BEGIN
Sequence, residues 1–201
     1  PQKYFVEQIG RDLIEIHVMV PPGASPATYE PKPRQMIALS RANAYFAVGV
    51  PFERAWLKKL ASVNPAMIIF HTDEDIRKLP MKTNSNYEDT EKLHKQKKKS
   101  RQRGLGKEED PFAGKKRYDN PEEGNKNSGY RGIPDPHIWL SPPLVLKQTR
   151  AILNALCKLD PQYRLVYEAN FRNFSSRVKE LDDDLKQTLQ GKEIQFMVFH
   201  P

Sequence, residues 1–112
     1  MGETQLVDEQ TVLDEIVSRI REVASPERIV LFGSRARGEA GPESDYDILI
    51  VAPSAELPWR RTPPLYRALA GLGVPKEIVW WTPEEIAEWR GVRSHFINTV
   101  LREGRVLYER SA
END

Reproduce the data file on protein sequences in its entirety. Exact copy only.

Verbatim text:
Sequence, residues 1–201
     1  PQKYFVEQIG RDLIEIHVMV PPGASPATYE PKPRQMIALS RANAYFAVGV
    51  PFERAWLKKL ASVNPAMIIF HTDEDIRKLP MKTNSNYEDT EKLHKQKKKS
   101  RQRGLGKEED PFAGKKRYDN PEEGNKNSGY RGIPDPHIWL SPPLVLKQTR
   151  AILNALCKLD PQYRLVYEAN FRNFSSRVKE LDDDLKQTLQ GKEIQFMVFH
   201  P

Sequence, residues 1–112
     1  MGETQLVDEQ TVLDEIVSRI REVASPERIV LFGSRARGEA GPESDYDILI
    51  VAPSAELPWR RTPPLYRALA GLGVPKEIVW WTPEEIAEWR GVRSHFINTV
   101  LREGRVLYER SA